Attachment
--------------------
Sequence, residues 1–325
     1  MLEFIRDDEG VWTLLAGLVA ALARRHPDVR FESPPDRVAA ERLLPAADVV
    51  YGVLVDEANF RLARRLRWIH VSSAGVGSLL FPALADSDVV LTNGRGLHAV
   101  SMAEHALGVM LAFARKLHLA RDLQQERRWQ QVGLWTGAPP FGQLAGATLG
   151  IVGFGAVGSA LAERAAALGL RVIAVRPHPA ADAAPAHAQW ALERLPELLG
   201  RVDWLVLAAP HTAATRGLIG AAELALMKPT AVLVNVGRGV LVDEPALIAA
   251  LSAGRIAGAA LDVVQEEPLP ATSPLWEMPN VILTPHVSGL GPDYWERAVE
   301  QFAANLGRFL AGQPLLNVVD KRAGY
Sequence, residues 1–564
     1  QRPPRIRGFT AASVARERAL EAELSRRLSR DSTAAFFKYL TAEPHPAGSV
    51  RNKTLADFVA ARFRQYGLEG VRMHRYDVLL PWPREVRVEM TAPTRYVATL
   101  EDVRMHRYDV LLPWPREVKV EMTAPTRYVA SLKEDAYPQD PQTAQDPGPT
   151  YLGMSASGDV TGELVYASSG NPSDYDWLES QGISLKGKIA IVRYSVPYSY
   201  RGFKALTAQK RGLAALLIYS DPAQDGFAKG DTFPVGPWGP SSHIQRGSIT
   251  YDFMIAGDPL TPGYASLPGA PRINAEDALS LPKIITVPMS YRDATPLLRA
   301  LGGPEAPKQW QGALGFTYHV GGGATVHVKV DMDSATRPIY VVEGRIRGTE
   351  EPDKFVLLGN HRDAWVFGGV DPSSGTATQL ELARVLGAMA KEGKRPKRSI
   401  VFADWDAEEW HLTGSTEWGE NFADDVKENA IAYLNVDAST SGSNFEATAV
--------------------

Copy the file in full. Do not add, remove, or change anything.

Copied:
Sequence, residues 1–325
     1  MLEFIRDDEG VWTLLAGLVA ALARRHPDVR FESPPDRVAA ERLLPAADVV
    51  YGVLVDEANF RLARRLRWIH VSSAGVGSLL FPALADSDVV LTNGRGLHAV
   101  SMAEHALGVM LAFARKLHLA RDLQQERRWQ QVGLWTGAPP FGQLAGATLG
   151  IVGFGAVGSA LAERAAALGL RVIAVRPHPA ADAAPAHAQW ALERLPELLG
   201  RVDWLVLAAP HTAATRGLIG AAELALMKPT AVLVNVGRGV LVDEPALIAA
   251  LSAGRIAGAA LDVVQEEPLP ATSPLWEMPN VILTPHVSGL GPDYWERAVE
   301  QFAANLGRFL AGQPLLNVVD KRAGY
Sequence, residues 1–564
     1  QRPPRIRGFT AASVARERAL EAELSRRLSR DSTAAFFKYL TAEPHPAGSV
    51  RNKTLADFVA ARFRQYGLEG VRMHRYDVLL PWPREVRVEM TAPTRYVATL
   101  EDVRMHRYDV LLPWPREVKV EMTAPTRYVA SLKEDAYPQD PQTAQDPGPT
   151  YLGMSASGDV TGELVYASSG NPSDYDWLES QGISLKGKIA IVRYSVPYSY
   201  RGFKALTAQK RGLAALLIYS DPAQDGFAKG DTFPVGPWGP SSHIQRGSIT
   251  YDFMIAGDPL TPGYASLPGA PRINAEDALS LPKIITVPMS YRDATPLLRA
   301  LGGPEAPKQW QGALGFTYHV GGGATVHVKV DMDSATRPIY VVEGRIRGTE
   351  EPDKFVLLGN HRDAWVFGGV DPSSGTATQL ELARVLGAMA KEGKRPKRSI
   401  VFADWDAEEW HLTGSTEWGE NFADDVKENA IAYLNVDAST SGSNFEATAV